In case of 2x 1 MiB SIMM, the page frame address started at C800 - because 1024 MiB of Extended memory should be kept as Extended memory - with 32 kiB of free EMS memory. Free EMS could be increased up to 288 kiB or so by disabling either Video BIOS or Main BIOS shadow.
In case of 4x 1 MiB SIMM, I don't know the start address of the page frame. I guess it was in the free 64kiB of extended memory or can anyone out there explain to me why HT12MM.SYS didn't configure any EMS if /EXTENDED was set to 3072 with 4 MiB RAM whereas it did with /EXTENDED=1024 and 2 MiB RAM?
In any case, I only saw a single EMS frame in the upper memory when calling mem.exe but no upload of drivers.

CONFIG.SYS: added CHIPSET option in second line
DEVICE=C:\DRDOS\HIDOS.SYS /CHIPSET=EMSALL /BDOS=FFFF

This tells the system to take all EMS from chipset and use it for own purposes without LIM support (http://www.pcorner.com/list/AOS/DRTIPS.ZIP/1113.TXT/). Now there wasn't any EMS frame in the upper memory anymore when calling mem.exe but the drivers of my soundcard were uploaded to the addresses CC02 and D200 or so. Some system functions were also uploaded.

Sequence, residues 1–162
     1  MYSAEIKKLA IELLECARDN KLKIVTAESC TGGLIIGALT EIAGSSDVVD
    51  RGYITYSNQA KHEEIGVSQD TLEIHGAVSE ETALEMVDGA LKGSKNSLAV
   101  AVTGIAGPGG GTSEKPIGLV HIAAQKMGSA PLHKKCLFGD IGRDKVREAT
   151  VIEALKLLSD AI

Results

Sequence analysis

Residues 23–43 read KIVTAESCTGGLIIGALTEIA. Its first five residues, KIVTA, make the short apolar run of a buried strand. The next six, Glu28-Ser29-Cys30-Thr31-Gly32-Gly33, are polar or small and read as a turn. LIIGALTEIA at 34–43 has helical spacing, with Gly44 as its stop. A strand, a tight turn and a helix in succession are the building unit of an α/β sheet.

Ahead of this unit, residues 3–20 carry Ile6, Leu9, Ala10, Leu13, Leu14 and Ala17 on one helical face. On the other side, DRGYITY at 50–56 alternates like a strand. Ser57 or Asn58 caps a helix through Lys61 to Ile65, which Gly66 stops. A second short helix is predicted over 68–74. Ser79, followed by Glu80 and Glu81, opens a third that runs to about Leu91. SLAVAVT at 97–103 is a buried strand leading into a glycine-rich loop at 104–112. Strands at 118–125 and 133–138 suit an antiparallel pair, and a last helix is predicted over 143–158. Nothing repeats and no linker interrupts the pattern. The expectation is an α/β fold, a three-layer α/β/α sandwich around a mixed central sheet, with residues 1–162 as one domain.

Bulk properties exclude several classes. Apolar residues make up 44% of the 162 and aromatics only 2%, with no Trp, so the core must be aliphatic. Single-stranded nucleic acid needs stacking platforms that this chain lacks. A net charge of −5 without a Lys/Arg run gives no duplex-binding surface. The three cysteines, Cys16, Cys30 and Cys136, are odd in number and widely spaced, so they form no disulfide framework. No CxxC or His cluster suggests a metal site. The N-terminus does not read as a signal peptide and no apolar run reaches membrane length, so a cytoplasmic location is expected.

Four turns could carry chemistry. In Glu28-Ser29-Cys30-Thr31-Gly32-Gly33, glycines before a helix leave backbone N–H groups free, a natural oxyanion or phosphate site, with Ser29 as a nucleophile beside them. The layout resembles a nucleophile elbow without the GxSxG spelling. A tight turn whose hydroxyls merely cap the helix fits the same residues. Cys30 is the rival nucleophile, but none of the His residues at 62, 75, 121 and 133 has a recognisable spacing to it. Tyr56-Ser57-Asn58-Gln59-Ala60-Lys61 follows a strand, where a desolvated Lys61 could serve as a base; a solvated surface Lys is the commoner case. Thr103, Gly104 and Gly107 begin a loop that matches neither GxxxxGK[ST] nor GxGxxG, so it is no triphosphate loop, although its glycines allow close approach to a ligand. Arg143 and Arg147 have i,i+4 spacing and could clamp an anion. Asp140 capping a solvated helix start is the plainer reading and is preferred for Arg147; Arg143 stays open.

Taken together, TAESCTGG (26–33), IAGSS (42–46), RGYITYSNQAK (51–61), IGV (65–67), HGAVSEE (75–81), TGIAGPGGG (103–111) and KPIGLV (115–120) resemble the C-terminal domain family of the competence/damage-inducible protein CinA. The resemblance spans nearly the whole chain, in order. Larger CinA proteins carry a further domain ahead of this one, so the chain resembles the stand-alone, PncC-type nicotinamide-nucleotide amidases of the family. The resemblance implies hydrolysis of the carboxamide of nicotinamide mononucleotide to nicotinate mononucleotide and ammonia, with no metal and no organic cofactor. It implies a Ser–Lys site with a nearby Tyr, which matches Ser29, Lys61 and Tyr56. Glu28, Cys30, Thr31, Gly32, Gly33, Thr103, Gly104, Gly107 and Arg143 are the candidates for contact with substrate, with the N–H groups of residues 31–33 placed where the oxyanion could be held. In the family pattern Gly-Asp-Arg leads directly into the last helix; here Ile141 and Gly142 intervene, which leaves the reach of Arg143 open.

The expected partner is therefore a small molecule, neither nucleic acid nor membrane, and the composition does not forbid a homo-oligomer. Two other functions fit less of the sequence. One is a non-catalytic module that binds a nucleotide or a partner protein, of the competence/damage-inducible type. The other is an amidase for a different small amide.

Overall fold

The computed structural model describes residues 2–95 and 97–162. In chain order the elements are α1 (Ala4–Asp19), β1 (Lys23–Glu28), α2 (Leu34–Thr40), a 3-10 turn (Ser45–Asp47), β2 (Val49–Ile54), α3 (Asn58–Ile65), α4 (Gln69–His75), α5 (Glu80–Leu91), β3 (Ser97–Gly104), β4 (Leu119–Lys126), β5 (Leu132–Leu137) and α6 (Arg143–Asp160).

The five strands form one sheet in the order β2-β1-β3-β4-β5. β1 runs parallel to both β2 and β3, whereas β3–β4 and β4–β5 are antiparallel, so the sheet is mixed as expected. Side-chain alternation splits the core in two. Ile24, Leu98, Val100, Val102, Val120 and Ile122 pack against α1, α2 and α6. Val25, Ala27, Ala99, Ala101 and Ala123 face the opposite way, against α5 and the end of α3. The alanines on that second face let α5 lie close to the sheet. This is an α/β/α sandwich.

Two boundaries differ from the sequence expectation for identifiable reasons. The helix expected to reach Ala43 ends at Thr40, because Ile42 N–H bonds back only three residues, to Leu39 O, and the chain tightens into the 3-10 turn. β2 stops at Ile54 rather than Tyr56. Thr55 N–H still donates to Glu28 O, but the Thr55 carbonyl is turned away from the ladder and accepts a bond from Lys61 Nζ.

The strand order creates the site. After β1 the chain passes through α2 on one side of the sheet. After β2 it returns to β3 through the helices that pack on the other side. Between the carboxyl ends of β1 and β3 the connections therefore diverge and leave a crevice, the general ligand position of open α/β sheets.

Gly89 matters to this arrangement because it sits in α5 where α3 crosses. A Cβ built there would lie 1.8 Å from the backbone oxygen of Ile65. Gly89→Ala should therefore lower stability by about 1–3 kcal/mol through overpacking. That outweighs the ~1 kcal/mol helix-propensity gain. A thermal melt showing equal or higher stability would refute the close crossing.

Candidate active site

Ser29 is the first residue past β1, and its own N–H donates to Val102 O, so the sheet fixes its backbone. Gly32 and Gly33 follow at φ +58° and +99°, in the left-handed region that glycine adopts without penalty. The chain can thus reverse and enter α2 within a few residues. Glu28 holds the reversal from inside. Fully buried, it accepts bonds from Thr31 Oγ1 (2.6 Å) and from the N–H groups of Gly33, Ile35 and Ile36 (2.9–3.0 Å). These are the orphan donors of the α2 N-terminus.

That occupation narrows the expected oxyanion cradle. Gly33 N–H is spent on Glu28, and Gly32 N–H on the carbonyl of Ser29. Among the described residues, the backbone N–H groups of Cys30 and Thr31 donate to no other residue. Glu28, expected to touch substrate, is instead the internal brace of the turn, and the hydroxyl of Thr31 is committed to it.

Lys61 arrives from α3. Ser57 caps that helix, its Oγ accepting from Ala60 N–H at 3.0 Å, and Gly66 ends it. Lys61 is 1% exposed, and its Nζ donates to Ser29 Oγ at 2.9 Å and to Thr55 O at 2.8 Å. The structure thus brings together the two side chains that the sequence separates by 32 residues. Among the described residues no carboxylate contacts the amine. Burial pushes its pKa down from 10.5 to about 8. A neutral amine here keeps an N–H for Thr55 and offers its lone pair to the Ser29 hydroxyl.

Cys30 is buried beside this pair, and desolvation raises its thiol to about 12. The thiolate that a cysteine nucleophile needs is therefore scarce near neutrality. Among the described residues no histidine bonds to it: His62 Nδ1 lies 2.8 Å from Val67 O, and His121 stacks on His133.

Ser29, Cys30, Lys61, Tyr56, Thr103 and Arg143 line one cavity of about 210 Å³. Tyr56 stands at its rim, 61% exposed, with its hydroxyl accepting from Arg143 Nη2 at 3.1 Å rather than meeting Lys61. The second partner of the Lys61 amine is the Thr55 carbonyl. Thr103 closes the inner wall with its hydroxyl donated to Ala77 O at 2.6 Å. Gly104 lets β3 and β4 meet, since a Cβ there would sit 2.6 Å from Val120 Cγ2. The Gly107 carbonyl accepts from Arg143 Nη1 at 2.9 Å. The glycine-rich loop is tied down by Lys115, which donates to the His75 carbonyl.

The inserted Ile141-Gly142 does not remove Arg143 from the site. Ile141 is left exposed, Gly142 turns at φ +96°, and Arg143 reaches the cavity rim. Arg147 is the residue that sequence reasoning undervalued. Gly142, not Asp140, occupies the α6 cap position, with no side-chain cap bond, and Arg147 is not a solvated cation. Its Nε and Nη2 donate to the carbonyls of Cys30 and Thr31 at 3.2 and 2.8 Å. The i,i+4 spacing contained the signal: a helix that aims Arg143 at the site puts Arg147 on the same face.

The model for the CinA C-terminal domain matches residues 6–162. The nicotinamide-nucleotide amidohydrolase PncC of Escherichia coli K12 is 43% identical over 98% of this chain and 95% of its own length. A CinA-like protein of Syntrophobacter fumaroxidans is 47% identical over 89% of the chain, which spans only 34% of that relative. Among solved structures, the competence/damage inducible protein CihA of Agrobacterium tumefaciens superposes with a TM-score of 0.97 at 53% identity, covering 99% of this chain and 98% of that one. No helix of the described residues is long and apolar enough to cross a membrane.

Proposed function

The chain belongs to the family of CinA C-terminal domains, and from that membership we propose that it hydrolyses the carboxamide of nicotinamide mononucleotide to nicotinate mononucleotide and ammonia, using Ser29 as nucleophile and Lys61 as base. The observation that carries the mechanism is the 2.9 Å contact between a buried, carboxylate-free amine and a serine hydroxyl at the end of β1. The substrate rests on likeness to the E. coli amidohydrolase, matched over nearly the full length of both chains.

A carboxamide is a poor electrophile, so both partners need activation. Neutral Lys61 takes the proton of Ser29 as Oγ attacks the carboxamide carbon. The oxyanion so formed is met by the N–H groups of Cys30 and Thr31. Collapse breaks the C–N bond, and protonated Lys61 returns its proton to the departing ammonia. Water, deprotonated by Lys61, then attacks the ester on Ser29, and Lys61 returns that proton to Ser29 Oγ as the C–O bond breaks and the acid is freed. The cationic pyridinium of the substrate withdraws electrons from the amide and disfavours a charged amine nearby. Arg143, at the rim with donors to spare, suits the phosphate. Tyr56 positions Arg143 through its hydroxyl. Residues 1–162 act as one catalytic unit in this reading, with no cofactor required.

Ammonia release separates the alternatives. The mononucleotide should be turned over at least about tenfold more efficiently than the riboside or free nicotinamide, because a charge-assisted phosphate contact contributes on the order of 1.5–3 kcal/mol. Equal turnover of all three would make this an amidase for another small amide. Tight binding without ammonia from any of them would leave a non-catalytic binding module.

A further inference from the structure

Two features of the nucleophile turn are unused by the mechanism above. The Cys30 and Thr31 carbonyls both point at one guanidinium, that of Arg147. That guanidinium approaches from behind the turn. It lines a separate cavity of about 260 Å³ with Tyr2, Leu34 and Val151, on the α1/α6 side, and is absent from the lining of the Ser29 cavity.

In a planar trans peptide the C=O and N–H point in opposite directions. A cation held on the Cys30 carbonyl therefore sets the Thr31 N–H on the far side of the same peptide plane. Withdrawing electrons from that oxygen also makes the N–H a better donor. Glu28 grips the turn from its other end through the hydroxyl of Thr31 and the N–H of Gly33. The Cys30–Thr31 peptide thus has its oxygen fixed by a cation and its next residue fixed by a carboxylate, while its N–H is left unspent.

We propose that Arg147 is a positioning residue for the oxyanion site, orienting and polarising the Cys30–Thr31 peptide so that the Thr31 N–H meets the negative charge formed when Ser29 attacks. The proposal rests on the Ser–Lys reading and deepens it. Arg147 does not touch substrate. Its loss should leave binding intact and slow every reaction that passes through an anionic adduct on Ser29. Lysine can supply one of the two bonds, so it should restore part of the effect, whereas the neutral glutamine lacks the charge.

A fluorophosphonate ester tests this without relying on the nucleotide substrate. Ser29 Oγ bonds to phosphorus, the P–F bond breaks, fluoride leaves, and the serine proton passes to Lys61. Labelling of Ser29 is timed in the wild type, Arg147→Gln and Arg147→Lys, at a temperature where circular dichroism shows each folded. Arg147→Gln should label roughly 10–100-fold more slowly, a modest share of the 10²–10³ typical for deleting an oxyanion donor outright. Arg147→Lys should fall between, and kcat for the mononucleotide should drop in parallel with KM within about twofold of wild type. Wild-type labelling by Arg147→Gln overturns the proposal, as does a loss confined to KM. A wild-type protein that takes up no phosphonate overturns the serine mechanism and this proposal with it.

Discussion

-- I will continue to correct this posting and add some more memory values here as soon as I have time for it 😊 --

As far as I understood the whole process of getting UMBs after reading many old manuals and driver notes, you have to make two steps on a 286 machine:
At first, you must convert all unused memory in the upper memory area into EMS. This can be done either by BIOS Setup or if there is no option for this like in my case by a memory manager.
At second, you must tell the system to take EMS and convert it into UMBs. This second step is much easier on non-MS-DOS based machines because Microsofts HIMEM.SYS doesn't support the necessary function Request XMS-UMB. So under MS-DOS you have to use a second application that makes XMS-UMBs from EMS. Then HIMEM.SYS can take over all XMS-UMBs (http://www.uwe-sieber.de).